I also believe using this foundation will help to produce and grow players that are multi-functional and able to execute a number of techniques under the constantly changing key stresses of game play – space, time and pressure. These elements are constantly changing during a game, so it makes sense to expose your players to that same stresses in training, right?
Be a painter; inspire your players to be creative, free-thinkers. Just like when looking at a piece of art everyone has their own feelings, thoughts and emotions – give your players this power on the field and watch them change the game!
Have you ever noticed midfield players who under pressure or in tight space always pass the ball backwards and never try to turn and/or break lines with passes or dribbles?
For me, this is a clear example of players who have not been exposed to these key game stresses and pictures during training – they are having to “think on their feet” and instead of looking to be assertive and a game changer they immediately regress into our natural human instinct of not wanting to look silly or makes mistakes.
All of this however takes time, and whilst I have already mentioned patience I believe that allowing them to practice it is crucial. Do the activities you set up for the players allow maximum practice? Are they getting enough repetition so these skills become engrained?
I feel some coaches are too worried about seeing and finding improvement so they can progress activities and move on in their session plan that they are in fact neglecting the learning process of players. Just because a player may check his shoulder once, receive on the back foot and open the play out does not mean this skill/technique is engrained. As coaches we need to have a keen eye to observe is learning and understanding has taken place, but also have the tools in our locker to adapt the practices so that players get to experience, evaluate and execute this specific technique in a number of different scenarios.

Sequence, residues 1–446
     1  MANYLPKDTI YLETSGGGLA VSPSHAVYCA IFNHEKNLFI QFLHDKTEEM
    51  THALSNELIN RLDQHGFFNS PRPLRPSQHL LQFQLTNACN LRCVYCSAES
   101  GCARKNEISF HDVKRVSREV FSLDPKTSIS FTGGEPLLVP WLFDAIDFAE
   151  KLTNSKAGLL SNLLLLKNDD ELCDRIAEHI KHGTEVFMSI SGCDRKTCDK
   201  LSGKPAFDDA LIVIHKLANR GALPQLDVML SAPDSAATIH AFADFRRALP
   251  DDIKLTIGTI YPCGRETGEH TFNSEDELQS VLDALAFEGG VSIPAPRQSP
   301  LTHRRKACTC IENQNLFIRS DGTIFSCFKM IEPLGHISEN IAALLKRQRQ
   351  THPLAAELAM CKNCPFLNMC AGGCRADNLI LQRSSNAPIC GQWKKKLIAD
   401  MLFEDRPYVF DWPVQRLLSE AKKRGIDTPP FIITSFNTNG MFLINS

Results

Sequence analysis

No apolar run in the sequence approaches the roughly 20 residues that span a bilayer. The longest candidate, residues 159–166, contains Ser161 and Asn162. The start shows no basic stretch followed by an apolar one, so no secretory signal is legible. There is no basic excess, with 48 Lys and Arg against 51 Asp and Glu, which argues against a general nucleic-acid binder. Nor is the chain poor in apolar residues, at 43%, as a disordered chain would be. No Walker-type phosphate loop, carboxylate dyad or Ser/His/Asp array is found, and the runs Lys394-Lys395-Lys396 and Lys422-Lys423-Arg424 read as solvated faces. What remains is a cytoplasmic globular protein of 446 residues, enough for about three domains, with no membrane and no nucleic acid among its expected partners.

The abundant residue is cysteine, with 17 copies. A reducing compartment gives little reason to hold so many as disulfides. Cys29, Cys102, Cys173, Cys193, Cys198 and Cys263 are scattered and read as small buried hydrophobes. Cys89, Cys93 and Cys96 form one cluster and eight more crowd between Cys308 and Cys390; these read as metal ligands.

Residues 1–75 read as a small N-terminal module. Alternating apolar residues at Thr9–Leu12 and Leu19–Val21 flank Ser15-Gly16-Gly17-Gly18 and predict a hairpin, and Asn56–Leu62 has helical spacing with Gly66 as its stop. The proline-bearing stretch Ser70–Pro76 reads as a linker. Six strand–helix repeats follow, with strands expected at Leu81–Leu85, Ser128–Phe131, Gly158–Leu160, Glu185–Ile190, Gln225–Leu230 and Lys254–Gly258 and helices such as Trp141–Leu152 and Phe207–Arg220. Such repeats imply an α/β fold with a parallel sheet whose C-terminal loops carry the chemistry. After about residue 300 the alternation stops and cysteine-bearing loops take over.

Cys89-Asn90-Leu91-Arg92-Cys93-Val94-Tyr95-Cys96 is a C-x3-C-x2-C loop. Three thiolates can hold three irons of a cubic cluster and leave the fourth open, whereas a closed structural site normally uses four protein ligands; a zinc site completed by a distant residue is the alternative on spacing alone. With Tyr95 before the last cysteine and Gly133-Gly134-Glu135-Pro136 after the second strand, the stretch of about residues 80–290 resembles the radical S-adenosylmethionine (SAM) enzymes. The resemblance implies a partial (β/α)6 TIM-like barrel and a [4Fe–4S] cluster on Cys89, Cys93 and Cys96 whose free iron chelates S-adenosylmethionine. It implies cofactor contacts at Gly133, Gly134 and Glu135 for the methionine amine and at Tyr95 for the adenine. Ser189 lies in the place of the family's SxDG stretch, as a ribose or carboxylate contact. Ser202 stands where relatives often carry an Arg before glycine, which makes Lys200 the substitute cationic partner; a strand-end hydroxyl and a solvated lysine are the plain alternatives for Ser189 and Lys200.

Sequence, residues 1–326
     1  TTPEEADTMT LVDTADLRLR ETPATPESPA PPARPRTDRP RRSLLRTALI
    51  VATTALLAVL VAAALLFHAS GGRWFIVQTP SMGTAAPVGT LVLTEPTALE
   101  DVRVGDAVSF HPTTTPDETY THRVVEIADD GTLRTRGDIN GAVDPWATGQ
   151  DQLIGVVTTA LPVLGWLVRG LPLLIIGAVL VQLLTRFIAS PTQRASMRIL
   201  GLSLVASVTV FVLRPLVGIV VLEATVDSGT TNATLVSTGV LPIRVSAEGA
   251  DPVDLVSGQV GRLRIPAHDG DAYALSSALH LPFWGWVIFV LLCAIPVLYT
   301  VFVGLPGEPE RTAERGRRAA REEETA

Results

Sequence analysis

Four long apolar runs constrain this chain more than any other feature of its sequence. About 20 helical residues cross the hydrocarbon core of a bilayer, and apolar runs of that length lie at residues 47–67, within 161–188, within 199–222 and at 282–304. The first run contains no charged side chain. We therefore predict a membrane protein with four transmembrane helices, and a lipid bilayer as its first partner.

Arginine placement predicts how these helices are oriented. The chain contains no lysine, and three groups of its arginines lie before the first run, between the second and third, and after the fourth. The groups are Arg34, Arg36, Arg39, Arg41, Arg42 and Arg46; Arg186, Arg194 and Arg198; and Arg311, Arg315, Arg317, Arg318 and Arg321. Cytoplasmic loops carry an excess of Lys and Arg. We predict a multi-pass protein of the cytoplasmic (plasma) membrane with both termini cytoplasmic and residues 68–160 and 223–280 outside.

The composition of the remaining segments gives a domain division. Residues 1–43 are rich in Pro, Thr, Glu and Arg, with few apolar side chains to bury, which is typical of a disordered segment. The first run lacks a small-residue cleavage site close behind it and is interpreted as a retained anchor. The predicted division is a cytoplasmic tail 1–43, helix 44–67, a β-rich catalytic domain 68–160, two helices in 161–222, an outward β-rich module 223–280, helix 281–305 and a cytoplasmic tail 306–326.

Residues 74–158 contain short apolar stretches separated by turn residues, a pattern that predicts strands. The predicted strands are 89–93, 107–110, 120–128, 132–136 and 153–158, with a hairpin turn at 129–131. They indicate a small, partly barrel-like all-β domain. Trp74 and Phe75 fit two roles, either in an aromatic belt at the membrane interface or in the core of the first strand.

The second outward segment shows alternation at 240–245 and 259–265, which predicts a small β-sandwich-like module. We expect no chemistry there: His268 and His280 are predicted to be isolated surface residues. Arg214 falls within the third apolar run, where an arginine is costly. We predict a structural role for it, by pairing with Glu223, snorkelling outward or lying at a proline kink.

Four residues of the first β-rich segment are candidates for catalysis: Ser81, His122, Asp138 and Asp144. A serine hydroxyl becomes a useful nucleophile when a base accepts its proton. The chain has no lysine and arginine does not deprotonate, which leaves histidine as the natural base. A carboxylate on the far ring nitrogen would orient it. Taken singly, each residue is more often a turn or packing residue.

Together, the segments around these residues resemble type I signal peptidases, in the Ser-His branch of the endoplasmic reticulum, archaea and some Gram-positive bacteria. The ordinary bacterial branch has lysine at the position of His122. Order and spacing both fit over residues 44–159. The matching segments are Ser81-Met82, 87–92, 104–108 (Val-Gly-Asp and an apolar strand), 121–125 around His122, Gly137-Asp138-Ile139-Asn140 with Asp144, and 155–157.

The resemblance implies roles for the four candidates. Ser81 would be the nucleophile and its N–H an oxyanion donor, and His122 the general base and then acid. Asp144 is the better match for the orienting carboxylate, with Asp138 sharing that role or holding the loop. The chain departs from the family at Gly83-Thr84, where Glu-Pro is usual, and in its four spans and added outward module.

The more pictures you can paint and the more time you allow players to practice in your training sessions the better they will become in the long run. This practice time acts as a memory drive that when on the field during game play they can access the necessary “data” to aid them with decision-making.
Providing that you have followed the previous three “P’s” then your players should be well equipped to deal with the decisions, puzzles and stresses the game presents to them. The hope as a coach is to see a clear sign of learning and improvement from the players. This means seeing them execute intelligent game decisions on the field that can change the game…however big or small they may be it is a sign they are beginning to produce!
Coaches, let us not forget however that game time is not just about seeing if our players have improved and that the weeks learning has become engrained. We all know that every game played throws up a whole new plethora of techniques, skills and game intelligence learning opportunities for our players, it is this game experience that help us development our training development plans but most importantly provide us with a new inspiration for us to “paint” on our own blank canvasses on the training field.
I have found that using the four “P’s” has really helped me to focus in on the important core elements of the game my players need to work on. While I always dedicate time for the players to enhance their general ball mastery and comfort levels on the ball, when it comes to my technical, skill and group tactical work I now have a much greater idea of what I need to design for my players to allow them the best opportunities to practice game specific techniques, skills and decision-making on a regular basis.
Understanding and identifying when learning is taking place takes a keen eye, but if we building environments for our players to walk into where they are practicing and experiencing moments that will reproduce themselves come game day then we are on the right track when it comes to our roles in the development of the beautiful games next generation.
Be patient with your players, paint them something that will inspire them, allow practice to take place and watch your players produce on the pitch!